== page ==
Tribeca
The project, for developer Urban Splash, will incorporate 93 apartments, with commercial space on the ground floor. The new buildings will cluster around an existing bridal shop, housed in a gothic-style building on the site.  
Alison Brooks Architects have designed three buildings for the ‘Tribeca’ development in Liverpool, which will act as a ‘beacon’ at the prominent corner of Great George Street and St James Street. The buildings will be a combination of 93 apartments and colonnaded commercial space at street level.

Urban Splash revealed earlier this year that its development will be called Tribeca. It will be the largest residential scheme in the city to date with over 700 new homes being created. The site forms three distinct triangles, so Urban Splash put the phrase together ‘Triangles Beneath Cathedral’ to create Tri-be-ca, Tribeca. It echoes its famous New York counterpart which was named because the area was made up of a series of triangular sites which sat beneath Canal Street.





ABA’s scheme has been conceived as a contemporary addition to the sandstone architecture of Liverpool, a 21st century gothic. The team were inspired by Sir Giles Gilbert Scott’s nearby Anglican Cathedral, consecrated in 1924, and the city’s monumental stone civic buildings. Their architecture expresses solidity and permanence qualities which ABA feel are essential for new urban neighbourhoods.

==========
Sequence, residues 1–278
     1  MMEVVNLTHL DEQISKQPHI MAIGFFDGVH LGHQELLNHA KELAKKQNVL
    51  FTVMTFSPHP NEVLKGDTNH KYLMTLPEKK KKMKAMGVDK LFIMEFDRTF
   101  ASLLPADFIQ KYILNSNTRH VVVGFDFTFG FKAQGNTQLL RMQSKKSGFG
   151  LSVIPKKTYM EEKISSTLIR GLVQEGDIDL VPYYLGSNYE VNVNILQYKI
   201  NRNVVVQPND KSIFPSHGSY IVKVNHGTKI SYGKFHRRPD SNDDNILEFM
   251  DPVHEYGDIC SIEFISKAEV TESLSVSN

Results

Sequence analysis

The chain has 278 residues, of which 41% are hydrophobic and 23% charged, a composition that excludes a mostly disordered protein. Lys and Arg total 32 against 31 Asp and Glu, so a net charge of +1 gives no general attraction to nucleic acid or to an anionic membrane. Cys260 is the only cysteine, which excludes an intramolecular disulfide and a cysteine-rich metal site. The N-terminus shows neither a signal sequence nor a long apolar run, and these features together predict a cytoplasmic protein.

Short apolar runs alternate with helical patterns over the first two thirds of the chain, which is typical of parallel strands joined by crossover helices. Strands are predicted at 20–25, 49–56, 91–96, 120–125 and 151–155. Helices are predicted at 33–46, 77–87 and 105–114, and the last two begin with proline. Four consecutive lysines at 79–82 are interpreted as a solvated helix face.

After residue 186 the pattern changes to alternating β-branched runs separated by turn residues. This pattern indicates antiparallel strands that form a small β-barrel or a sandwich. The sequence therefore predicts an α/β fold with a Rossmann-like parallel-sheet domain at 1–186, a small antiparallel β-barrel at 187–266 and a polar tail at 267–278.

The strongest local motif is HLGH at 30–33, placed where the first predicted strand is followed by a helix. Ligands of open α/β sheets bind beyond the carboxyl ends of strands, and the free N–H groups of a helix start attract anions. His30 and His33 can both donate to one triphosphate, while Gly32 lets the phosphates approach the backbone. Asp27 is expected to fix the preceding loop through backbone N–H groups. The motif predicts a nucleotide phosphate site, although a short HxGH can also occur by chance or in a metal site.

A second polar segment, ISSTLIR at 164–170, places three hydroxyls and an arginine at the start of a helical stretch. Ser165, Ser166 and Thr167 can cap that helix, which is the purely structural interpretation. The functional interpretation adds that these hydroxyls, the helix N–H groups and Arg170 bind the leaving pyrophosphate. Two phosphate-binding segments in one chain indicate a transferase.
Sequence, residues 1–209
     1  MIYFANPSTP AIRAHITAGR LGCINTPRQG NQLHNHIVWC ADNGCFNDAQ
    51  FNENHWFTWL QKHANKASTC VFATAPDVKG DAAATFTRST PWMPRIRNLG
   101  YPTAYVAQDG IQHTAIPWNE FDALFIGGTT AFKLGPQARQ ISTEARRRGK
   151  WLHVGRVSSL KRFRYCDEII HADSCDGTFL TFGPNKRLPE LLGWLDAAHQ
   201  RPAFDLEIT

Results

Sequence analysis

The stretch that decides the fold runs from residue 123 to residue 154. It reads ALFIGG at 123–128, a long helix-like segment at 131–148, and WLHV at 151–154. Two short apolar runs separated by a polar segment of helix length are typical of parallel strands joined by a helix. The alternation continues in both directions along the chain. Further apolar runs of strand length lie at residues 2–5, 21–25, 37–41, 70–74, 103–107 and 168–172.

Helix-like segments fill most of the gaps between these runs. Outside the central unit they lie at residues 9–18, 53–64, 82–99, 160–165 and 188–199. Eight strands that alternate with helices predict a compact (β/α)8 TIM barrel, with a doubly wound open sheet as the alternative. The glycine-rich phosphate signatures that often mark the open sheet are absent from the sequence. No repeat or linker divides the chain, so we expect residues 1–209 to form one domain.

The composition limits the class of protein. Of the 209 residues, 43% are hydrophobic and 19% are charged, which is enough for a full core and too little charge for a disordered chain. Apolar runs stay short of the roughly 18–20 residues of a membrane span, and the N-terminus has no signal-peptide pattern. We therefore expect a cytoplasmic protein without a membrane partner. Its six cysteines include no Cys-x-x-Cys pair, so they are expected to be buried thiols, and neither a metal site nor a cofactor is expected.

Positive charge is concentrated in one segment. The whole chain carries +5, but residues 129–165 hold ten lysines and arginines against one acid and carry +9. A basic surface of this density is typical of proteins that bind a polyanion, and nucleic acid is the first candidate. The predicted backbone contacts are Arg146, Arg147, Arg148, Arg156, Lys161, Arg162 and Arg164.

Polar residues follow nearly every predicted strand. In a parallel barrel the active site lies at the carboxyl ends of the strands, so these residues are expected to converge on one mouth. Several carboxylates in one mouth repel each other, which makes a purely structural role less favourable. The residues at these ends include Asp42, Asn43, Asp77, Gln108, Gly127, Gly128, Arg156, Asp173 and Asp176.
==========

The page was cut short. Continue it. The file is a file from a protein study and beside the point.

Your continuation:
The faceted forms of ABA’s three buildings and their elongated fenestration is intended to relate to both the Gothic articulation of the Wedding Shop on the site, as well as the dramatic verticality of the nearby Cathedral. The stone-clad facades stretch up toward the sky, gradually becoming lighter and more glazed as they increase in height. Within the windows are vertical strips of coloured glass reminiscent of the beautiful stained glass windows that enliven the sandstone interior of St George’s.

ABA’s approach counters the conventional response to tall building design. These are usually built of lightweight glazed systems, giving them a fragile, commercial quality.

As Alison Brooks comments, “We wanted to re-interpret the Neo-Gothic Victorian architecture in this area of Liverpool and take it a step further, to design tall buildings that express a dynamic, vertical rhythm with their fenestration and their geometry, but are built with a heavy, traditional material like stone.”

ABA were very interested in creating a new urban neighbourhood with the scale, density and architectural quality that put it on a par with the great boulevards of continental cities. The aim is to extend the centre of the city towards the south so that the area becomes a gateway into Liverpool, and a destination in itself.

Tribeca will take approximately 8 years to build and work will start on the site in spring 2008.

Recipient of a 2008 Housing Design Project Award









                                                       

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